Global oil prices fell to below $80 a barrel for the first time since January, on persistent fears of a recession and rising interest rates by central banks worldwide.
After starting the week in positive territory, Brent, the benchmark for two thirds of the world’s oil, was trading 0.13 per cent down at $79. 23 a barrel at 6:23pm UAE time on Wednesday. West Texas Intermediate, the gauge that tracks US crude, was down 0.34 per cent at $74 a barrel.
Brent fell 4 per cent at the end of trading on Tuesday, while WTI ended the day 3.5 per cent lower.
“Crude prices tumbled as recession worries dominated the headlines and as the oil market lost its tightness,” said Edward Moya, a senior market analyst at Oanda.
“It seems to have happened quickly but the crude demand outlook is getting crushed as we are in a slowdown basically across all the major economies. Supplies seem plentiful over the near term and that has everyone hesitating on what was one of the easiest trades of the year.”
Brent crude had gained more than 3 per cent in trading on Monday after the Opec+ alliance of 23 producers decided to extend its output oil policy and European sanctions on Russian crude came into effect on the same day.
Separately on Tuesday, the US Energy Information Administration said in its short-term energy outlook report that it expected global oil stocks to fall by 200,000 barrels per day in the first half of 2023 before rising by almost 700,000 bpd in the second half of next year.
The EIA's forecast leaves global oil inventories higher at the end of 2023, more than its previous estimate in the November, and it now projects the price of Brent crude to average $92 a barrel in 2023, $3 less than its estimate last month.
The EIA has forecast 2022 US domestic crude oil production at 11.87 million bpd and 2023 production at 12.34 million bpd.
Global economic growth is forecast to be as weak as in 2009 — during the financial crisis — as a result of the Ukraine conflict and its impact on the world economy, the Institute of International Finance said in a report this month.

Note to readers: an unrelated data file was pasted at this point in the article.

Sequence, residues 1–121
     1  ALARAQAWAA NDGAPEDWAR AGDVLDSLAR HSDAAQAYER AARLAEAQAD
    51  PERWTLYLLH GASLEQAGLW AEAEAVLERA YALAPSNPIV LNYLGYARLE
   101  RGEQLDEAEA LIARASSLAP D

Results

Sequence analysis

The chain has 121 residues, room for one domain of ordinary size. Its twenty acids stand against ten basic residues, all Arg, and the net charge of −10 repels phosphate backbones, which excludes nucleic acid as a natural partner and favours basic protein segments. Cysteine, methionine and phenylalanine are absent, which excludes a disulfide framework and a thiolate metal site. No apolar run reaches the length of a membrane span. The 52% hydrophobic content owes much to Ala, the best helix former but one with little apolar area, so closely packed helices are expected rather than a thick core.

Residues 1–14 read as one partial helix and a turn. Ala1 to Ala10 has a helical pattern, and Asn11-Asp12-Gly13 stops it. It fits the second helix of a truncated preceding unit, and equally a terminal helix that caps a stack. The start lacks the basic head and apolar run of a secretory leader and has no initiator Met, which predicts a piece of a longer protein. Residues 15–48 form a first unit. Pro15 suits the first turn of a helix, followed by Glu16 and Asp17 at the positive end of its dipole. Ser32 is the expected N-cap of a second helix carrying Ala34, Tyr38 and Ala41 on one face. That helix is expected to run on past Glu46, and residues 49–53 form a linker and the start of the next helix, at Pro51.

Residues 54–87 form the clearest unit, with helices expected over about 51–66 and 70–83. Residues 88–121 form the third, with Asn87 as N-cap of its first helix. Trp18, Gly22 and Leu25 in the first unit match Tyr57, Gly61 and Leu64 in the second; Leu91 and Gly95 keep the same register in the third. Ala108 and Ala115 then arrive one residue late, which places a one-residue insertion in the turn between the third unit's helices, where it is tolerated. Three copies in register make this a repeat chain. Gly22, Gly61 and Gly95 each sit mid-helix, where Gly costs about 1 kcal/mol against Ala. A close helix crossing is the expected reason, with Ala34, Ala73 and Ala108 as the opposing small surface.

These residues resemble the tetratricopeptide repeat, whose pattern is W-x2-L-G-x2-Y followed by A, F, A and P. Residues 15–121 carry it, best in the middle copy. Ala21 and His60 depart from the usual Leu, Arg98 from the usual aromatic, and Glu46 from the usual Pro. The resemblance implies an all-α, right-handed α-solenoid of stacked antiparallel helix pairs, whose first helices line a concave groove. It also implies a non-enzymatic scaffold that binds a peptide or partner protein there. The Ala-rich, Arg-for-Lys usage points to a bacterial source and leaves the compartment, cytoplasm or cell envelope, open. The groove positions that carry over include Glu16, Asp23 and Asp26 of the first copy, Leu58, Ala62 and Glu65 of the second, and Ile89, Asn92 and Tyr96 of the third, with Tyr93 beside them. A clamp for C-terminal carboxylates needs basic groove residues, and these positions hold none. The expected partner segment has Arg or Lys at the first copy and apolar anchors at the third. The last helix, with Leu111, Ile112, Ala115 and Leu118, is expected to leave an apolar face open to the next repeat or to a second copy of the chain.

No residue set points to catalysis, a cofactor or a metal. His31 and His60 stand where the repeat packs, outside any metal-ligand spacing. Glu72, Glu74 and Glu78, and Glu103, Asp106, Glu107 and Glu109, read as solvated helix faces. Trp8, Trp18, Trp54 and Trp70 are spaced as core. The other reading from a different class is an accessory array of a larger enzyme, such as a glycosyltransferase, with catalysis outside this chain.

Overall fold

The world economy is projected to grow 1.5 per cent next year, compared with 0.6 per cent in 2009, the IIF said.
This assessment follows the International Monetary Fund's move to slash its global economic growth forecast for next year due to the effects of the Ukraine conflict, broadening inflation pressures and a slowdown in China, the world’s second-largest economy.
The fund maintained its global economic estimate for this year at 3.2 per cent but downgraded next year's forecast to 2.7 per cent — 0.2 percentage points lower than the July forecast.
There is a 25 per cent probability that growth could fall below 2 per cent next year, the IMF said in its World Economic Outlook report released in October.
In a research note on Wednesday, Emirates NBD economists said "the imposition of a price cap on Russian oil" by G7countries , the EU and Australia, has not prompted any concerns over supply as yet despite reports of tanker backlogs in Turkey and concerns over a global recession remaining the predominant driver.
“Energy traders are not confidently buying dips but they will if the current sell-off sends prices close to the levels the Biden administration might refill the SPR, which is in the $70 region,” Mr Moya said.